Field Research

Field travel to conduct  research can be challenging in many ways. Adverse situations in the field may be difficult to overcome for lack of planning. Provisions such as completing required training and hazard assessments, knowing the location of nearby rescue or medical facilities, determining appropriate supplies and safety equipment, understanding emergency contact procedures, etc., should not be overlooked prior to departure. The importance of pre-planning cannot be stressed enough. We have provided the following information to assist you in planning for both a safe and successful field trip. As a minimum, any remote trip to the field should include developing a Field Emergency Plan, performing Hazard Assessments of the research tasks performed, and completing any requisite safety training prior to departure.

Outdoor Adventures recognizes the hazards of working in the field and have worked with researchers on campus to compile a menu of trainings that will give you the tools, tips and tricks to help mitigate some of the risk associated with field work. Typically, in the Spring Semester Outdoor Adventures offers a full menu of courses. Please see their site for details or to coordinate a class.

Field Emergency Plans

The UAF Field Emergency Plan (FEP) is intended to provide UAF travelers with a sound action plan to cope with emergencies encountered during official travel at field locations within the United States and abroad. Your Department/Institute Director must also review and acknowledge (approve) your plan prior to travel. A guidline for completing a Field Emergency and Hazard/Safety Plan can be found under important forms in the right column. A basic Field Field Emergency Plan template is found below. It is a  Word document so you can add additional information or format to meet your needs. However all of the information on the template is required. If you have any questions, please contact:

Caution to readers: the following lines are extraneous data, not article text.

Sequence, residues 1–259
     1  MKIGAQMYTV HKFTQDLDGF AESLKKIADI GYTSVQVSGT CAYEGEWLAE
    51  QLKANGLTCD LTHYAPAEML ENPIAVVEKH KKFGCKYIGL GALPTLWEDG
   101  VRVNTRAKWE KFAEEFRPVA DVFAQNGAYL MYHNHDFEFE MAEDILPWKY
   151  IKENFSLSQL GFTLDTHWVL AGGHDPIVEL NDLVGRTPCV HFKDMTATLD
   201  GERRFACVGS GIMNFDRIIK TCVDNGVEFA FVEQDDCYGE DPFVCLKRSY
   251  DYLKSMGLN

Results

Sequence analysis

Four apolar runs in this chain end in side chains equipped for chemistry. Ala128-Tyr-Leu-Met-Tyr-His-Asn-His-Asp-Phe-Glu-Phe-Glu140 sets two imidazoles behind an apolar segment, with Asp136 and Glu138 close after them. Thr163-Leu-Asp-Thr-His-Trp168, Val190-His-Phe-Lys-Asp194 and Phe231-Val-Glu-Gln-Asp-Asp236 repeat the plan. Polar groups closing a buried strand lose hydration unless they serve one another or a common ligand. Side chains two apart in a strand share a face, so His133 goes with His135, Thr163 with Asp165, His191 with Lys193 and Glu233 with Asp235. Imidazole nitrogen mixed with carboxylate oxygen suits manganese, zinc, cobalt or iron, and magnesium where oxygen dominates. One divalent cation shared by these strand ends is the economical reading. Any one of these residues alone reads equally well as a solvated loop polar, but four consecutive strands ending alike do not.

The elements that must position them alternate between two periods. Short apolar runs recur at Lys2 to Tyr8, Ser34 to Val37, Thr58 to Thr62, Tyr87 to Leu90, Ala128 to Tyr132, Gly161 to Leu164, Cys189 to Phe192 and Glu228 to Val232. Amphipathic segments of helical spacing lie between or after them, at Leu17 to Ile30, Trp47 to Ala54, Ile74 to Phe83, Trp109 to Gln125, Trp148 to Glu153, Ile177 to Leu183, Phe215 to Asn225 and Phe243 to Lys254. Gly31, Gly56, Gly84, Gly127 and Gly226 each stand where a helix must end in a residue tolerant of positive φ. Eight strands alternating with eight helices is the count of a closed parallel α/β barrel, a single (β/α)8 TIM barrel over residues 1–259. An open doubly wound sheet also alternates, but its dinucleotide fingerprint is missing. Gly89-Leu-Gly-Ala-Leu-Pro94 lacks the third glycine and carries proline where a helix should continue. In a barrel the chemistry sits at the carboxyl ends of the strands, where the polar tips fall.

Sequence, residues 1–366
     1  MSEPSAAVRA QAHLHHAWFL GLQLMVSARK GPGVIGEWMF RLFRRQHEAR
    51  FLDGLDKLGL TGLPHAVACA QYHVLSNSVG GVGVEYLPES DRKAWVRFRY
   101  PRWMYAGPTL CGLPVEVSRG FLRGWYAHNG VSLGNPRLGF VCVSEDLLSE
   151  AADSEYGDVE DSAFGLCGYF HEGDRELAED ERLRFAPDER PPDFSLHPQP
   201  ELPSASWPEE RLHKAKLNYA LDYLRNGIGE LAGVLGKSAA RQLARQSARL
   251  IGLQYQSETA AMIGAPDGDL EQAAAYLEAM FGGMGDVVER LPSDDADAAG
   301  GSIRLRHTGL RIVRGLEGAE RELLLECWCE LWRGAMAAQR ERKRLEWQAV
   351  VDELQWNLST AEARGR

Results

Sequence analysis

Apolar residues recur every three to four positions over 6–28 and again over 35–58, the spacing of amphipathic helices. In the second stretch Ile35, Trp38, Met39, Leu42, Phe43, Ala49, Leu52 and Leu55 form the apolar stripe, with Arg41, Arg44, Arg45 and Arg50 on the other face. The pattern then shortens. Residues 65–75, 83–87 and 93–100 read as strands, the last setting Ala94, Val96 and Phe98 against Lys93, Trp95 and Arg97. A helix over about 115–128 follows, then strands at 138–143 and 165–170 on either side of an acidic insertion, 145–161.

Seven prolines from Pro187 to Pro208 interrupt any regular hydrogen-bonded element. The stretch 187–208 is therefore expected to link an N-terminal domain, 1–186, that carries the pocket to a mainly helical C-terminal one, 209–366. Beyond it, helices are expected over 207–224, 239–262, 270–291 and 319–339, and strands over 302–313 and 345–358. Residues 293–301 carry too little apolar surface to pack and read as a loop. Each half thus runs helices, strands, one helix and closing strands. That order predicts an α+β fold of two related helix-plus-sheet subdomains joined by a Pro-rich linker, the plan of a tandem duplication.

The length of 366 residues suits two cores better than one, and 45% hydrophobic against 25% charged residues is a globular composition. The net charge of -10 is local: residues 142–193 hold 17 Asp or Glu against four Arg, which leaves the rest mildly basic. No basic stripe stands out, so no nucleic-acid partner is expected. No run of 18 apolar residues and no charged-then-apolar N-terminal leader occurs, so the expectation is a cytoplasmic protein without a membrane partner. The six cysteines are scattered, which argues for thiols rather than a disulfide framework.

Contact Email Phone
David Vazquez 907-474-5476

Hazard Assessments

Before departing for the field, you should also complete hazard assessments of the tasks you will likely perform during your research trip. These assessments, or Job Hazard Analysis, will help you determine important provisions such as required safety equipment, training, or other items needed to ensure the safety of you and your fellow researchers. Information, training, and instructions for completing a Job Hazard Analysis (JHA) can be found here.

Training Opportunities

In addition to the basic safety training required by all UAF employees, you may require additional training based on the location or nature of your research. For example, if you are working remote from any nearby medical assistance, at least one person in your party must be trained to provide First Aid/CPR. Below we’ve listed some training opportunities that may be relevant to your work. Please note that EHSRM does not provide or sponsor (pay) for these training courses. Any additional training costs are the responsibility of the department traveling. Please note that availability may be limited. We highly recommended you determine your additional needs and schedule training well in advance of your anticipated travel.

Course Contact information Cost
Water Safety (Alaska Water Wise) Yes
Alaska Boating Safety Free
Alaska Boater Education Course Yes
Bear/Firearms Safety

Bear safety: Tim Craig - Retired Federal Wildlife Biologist teaches bear safety. He can be contacted at

Firearms safety: Craig Lewis - UAF CTC Firearms instructor and active police officer, teaches pistol and long-gun qualifying classes. He can be contacted at

Ski Mountaineering Yes
Learn to Return (LTR)* Yes
ATV Rider Course (Hands-on) Yes
ATV Safety Institute E-Course Free**
Snowmobile Safety Awareness Training Free
Snowmachine User/Avalanche Training Yes

* LTR offers several specialized survival courses (aviation, bear, and water safety; Remote First Aid/CPR, etc.)

**Small fee if you want to receive a state certificate (which is not required in Alaska)